Bulking, Cutting, or Neither? How to Eat for Your Goals

Bulking, Cutting, or Neither? How to Eat for Your Goals
Jefferey Spivey

Steve Cook is arguably one of the most idolized physique competitors and models in today’s fitness community, with 2 million Instagram followers. He’s admirably shredded, and one would assume he utilizes the standard tricks to stay in peak shape – bulk, cut, bulk, cut. But in a 2016 GQ profile, he shocked his fans with a startling confession. “For a long time, bodybuilders have been known to bulk and cut and bulk and cut, and you add mass, then reduce a lot by the time you get on stage. I don’t, though,” he said. “I try to stay photoshoot-ready year-round and to always have a six-pack.” What?! He went on to share that he slowly increases calories to pack on lean mass. (And even more shocking, some of those calories come from Chipotle!) So, if one of the most notable figures in fitness doesn’t abide by the bulk-cut nutritional approach, should you abandon it too?

Bulking

Among fitness devotees, both professional and amateur, it’s assumed that you have to bulk to gain muscle. During a bulking period, you significantly increase your daily caloric intake – upwards of 10-20% more than your maintenance calories (i.e. what you’d need to eat to maintain your current size). The calorie surplus fuels heavier lifts and helps you pack on pounds quickly. However, it’s difficult to do this without gaining fat. For starters, whatever fuel your body doesn’t use gets stored as fat for later (usually as a protective coating over your abs). And a lot of guys tend to eat calorie-rich foods, like burgers and fries, to hit their higher intake goals. The more low-quality foods you eat, the more it shows in your physique.


Cutting

Because of the inevitable fat gain, a bulking period must be followed by a cutting period. During a cutting period, you slash your caloric intake – typically 5-15% below your maintenance calories. This phase typically favors lean proteins and veggies while significantly reducing carbs. The drastic switch melts off fat, giving you a chance to show off all the muscle you packed on during the bulk. However, if your caloric deficit is too steep, you risk burning some of your muscle too. Worst case scenario, you could lose some or all of your gains during your cut.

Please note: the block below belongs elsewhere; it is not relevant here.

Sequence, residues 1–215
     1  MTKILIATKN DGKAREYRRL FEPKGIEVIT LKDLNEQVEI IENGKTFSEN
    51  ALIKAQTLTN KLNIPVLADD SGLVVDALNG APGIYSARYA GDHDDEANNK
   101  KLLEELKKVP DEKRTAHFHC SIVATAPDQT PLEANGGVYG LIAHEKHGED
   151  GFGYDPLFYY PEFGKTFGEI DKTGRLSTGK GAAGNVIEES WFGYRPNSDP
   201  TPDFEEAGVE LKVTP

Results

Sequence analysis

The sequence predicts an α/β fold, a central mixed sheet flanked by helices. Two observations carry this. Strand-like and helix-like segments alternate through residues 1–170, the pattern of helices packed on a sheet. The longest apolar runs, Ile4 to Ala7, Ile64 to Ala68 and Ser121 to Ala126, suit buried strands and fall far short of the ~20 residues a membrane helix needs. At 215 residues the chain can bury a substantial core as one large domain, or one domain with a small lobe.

An Alternative

Steve Cook prefers to sneak in more calories little by little as opposed to more aggressive cycles of bulking and cutting. If you check out his Instagram posts (or his many magazine covers), you can see proof that his plan works.

A 2015 study published in the European Journal of Applied Physiology showed that bodybuilders reduced their body fat percentage, in turn gaining a more muscular appearance, while consuming maintenance calories. They didn’t need to bulk or cut to get ripped – they just needed to optimize their protein consumption and their training.

The study results suggested that bulking should be limited to no more than an extra 500-800 calories per day, and the bulk shouldn’t last longer than 45 days. This is the ideal way to gain lean muscle while minimizing fat gain. The short length of the bulk and the lower calorie surplus both go against common knowledge – that you should spend a season overeating and that you should pound down every burger and taco in sight.

Ultimately, when it comes to bulking and cutting, an effective plan is to avoid them both. A slow and controlled approach could be the path to your dream physique.

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